The Less Painful Process of Moving On and Moving Out

Many couples treat cohabitation as a prelude to marriage. It is the moment in their lives when both parties find out if they are as compatible at home as they are outside. Couples often choose to do this when they are sure about the relationship. That means both can see themselves spending the rest of their lives with their significant other.

It works out often enough for most, which leads to marriage. However, some people experience the heartbreak of parting with their beloved and move out of their shared home.

Here are some ways to make the process of moving on a little less painful.

Find a Place to Stay.

Regardless of how the break up went, it’s a good idea not to go back to your shared place immediately. Instead, see if a close friend is willing to let you couch surf for a while. Or check out the living accommodations in your area.

Doing so allows you to get your emotions in check. It avoids your former partner in seeing the internal turmoil you’re going through.

Aside from temporary accommodations, think about your future one as well. A couch at a friend’s place can’t be your new home, and it’s the same with a hotel. It’s a good idea to think ahead and consider the apartments you can afford. In places like Richmond, Virginia, you can rent an apartment as your permanent home.

Have a Clear Discussion about the Lease or Fees of Your Home.

Discuss the logistics of your living situations when you’re both calm. It means that you don’t risk letting your emotions rule your decisions. While still reeling from the break-up, you should not be operating from a place of emotional turmoil.

Now, you and your partner may not have planned the splitting of the lease or fees of your place. Consider your options at the moment. Is selling the area possible? Will you sublet it to others? Or will one of you stay behind?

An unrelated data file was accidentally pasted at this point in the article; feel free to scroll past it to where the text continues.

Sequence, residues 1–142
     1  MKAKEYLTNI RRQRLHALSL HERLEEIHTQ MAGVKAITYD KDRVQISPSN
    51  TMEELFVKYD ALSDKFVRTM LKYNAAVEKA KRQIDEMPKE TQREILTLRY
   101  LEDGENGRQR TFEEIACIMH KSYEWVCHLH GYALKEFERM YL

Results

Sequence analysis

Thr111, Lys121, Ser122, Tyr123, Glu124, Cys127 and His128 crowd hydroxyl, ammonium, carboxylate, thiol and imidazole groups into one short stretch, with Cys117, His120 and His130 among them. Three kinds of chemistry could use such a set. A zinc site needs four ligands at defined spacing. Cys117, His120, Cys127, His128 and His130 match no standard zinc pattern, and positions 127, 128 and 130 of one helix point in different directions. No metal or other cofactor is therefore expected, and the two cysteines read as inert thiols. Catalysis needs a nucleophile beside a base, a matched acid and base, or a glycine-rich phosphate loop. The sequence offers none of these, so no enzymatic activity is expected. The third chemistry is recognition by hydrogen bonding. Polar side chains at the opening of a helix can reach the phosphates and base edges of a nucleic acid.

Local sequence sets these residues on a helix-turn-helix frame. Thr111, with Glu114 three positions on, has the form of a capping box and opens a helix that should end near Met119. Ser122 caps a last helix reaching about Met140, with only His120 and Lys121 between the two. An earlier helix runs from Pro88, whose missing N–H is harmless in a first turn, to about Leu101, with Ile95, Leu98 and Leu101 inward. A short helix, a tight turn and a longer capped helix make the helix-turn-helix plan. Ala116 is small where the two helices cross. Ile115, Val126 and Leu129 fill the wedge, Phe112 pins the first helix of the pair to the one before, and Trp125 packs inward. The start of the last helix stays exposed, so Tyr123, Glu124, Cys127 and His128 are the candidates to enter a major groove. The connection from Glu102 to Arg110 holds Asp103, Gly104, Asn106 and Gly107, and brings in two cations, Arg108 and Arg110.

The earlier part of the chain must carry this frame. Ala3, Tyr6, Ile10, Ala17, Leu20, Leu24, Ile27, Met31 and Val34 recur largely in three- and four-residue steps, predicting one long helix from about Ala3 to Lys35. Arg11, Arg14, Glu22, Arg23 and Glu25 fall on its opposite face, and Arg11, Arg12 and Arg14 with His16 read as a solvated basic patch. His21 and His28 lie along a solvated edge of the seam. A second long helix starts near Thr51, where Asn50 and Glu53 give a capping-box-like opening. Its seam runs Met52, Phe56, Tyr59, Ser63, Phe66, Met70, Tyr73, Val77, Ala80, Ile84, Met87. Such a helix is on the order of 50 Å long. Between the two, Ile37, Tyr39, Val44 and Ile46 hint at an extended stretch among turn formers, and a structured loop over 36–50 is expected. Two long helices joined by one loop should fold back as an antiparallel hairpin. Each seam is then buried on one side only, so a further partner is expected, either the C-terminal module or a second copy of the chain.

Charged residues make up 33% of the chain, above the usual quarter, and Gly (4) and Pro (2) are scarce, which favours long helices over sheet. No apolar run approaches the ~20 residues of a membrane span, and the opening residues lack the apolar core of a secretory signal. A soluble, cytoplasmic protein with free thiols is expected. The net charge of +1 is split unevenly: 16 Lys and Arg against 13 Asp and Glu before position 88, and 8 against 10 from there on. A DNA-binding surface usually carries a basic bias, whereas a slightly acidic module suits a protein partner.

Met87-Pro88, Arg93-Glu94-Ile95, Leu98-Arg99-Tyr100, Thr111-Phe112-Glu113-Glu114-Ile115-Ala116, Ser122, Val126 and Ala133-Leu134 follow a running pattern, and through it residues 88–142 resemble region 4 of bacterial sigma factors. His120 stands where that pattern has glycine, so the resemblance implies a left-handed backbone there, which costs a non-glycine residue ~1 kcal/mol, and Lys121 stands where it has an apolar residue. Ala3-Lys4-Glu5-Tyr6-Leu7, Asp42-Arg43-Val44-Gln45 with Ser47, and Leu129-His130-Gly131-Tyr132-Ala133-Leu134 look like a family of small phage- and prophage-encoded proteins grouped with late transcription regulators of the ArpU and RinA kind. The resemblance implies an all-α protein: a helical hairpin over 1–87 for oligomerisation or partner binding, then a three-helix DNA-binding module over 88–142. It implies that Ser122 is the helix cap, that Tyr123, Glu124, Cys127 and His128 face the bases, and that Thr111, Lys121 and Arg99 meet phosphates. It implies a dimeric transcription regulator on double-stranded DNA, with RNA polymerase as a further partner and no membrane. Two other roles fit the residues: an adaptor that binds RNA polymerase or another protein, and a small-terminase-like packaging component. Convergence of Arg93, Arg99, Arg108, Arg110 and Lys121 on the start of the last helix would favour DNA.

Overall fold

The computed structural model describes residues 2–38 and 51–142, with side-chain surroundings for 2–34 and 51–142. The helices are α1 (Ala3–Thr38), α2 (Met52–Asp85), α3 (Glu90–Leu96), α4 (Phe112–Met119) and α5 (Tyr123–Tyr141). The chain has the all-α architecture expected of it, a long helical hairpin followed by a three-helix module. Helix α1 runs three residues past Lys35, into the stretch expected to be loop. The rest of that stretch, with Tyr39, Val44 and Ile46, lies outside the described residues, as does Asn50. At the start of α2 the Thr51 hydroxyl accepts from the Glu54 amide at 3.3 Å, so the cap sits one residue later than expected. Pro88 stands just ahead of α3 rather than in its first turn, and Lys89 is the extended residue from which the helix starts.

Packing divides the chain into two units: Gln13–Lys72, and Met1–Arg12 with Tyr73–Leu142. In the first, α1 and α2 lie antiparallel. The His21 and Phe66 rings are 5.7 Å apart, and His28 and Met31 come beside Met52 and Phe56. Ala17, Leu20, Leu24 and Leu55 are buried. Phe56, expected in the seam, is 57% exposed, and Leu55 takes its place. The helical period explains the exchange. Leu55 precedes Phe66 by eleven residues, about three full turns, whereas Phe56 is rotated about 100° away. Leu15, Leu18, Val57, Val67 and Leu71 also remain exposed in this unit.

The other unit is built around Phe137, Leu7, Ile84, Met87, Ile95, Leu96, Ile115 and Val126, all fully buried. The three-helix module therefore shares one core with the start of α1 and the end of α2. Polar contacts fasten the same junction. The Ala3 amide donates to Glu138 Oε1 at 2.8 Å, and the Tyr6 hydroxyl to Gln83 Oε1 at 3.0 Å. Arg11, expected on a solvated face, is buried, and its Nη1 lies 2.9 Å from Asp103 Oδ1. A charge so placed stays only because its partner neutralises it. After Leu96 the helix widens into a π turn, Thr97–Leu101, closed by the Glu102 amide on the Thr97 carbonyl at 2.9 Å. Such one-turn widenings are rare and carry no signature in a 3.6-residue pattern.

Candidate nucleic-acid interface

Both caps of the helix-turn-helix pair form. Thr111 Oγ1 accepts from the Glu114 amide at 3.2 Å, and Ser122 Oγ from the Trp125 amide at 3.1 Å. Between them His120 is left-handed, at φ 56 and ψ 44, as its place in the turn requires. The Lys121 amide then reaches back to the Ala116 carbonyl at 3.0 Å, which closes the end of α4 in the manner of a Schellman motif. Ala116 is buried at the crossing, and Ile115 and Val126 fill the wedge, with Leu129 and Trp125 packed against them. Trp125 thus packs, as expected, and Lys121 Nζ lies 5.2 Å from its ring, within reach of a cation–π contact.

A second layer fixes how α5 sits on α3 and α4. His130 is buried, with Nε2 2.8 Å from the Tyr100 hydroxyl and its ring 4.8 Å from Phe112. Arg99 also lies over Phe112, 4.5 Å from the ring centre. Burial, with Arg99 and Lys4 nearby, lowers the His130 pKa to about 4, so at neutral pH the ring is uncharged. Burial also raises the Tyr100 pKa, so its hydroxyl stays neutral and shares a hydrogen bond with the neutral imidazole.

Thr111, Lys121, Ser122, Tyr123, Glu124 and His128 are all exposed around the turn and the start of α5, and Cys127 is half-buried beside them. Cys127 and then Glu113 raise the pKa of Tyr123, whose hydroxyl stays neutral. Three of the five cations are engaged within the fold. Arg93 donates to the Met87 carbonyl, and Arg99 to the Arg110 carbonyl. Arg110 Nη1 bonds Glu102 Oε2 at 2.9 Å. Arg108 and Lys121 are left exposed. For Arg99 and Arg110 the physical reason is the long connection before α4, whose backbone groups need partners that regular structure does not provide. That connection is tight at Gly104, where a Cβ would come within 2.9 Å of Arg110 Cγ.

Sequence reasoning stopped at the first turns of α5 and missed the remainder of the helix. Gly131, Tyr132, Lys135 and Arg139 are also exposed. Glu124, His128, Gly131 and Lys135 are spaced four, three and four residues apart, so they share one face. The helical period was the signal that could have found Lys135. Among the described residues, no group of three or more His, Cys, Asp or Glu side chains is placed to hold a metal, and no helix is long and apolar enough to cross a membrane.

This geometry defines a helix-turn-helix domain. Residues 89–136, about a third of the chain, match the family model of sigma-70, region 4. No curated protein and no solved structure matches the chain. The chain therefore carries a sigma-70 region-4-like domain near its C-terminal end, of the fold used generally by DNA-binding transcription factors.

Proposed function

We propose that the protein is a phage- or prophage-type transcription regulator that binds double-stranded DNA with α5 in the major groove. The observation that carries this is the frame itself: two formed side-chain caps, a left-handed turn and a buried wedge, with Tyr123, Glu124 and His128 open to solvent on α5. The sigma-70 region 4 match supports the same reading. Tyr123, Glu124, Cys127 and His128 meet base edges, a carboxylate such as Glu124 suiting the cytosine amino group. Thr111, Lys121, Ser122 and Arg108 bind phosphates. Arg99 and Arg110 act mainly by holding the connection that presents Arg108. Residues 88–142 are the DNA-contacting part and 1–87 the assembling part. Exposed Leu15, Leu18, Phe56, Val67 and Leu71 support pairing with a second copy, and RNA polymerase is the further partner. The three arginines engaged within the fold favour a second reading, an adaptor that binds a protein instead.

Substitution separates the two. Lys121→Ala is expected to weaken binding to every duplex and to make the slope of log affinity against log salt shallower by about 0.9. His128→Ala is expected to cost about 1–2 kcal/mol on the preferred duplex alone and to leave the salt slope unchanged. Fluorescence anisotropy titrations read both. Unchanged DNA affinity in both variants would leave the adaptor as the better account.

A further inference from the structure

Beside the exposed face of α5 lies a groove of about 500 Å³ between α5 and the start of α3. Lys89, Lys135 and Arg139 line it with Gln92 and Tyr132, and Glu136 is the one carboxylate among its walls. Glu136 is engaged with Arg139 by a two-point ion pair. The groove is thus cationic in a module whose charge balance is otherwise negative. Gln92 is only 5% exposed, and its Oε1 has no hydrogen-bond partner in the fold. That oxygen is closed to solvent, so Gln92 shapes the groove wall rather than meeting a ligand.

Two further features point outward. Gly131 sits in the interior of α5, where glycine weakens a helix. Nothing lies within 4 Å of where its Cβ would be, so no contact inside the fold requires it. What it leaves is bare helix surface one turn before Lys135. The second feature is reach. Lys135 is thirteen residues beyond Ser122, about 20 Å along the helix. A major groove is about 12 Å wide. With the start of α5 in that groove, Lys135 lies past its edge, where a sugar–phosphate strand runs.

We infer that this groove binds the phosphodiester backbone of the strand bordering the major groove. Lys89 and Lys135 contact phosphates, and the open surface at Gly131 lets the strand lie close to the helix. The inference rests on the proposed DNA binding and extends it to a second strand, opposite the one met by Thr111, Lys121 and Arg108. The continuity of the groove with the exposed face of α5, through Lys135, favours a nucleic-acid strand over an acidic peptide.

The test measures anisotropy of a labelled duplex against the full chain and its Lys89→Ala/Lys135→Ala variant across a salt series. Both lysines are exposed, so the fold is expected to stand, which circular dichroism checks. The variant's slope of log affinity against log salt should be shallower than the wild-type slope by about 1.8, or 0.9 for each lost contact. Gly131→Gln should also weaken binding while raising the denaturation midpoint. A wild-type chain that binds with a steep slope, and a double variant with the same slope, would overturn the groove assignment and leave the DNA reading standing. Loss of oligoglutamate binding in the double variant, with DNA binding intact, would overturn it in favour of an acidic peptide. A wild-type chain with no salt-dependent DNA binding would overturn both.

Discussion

In this case, it’s best to leave the place altogether. This action can be a step you make to move on faster.

Sort Your Items Well.

new apartment

After the lease or fees, possessions come next. Sorting out your belongings may be an emotional roller coaster, so it’s best to get over with it right away.

If you’re both leaving your home to sublet or sell it, you should start an inventory. Begin with large items like furniture, then continue off with small things.

At that moment, remember that it’s unlikely for you two to split things equally. Instead, try to consider a system. For example, you and your former partner can place a monetary price on each item. Whoever values it more can keep it.

As for gifts you’ve given each other, consider not taking them back. Each gift holds a significance that may not help you move on from the relationship and the situation. The recipient should be the rightful owner.

Once you’ve finished the harrowing process of sorting, move out as soon as you can. Either hire a moving company or use the help of your friends to make the process of leaving more manageable.

Allow Yourself to Be Sad.

Moving out doesn’t fix things immediately. If you still feel down, allow yourself to feel this way. It’s understandable, given how you once loved the person you parted with. Indulge yourself in these moments. Cry it out, or eat your favorite comfort food. You can even do both at once if it makes you feel better.

Try to Have Fun, Too.

The moving-on part is different for everyone. Some take a few weeks, while others need a longer time. Regardless of your pacing, don’t forget to enjoy life. It may still hurt, but don’t allow yourself to live in the past.

Go out with friends, mingle with strangers. Travel to other places, and you can even do things you like that you didn’t do while in a relationship. As a person flying solo, put your needs first without worrying about a significant other.

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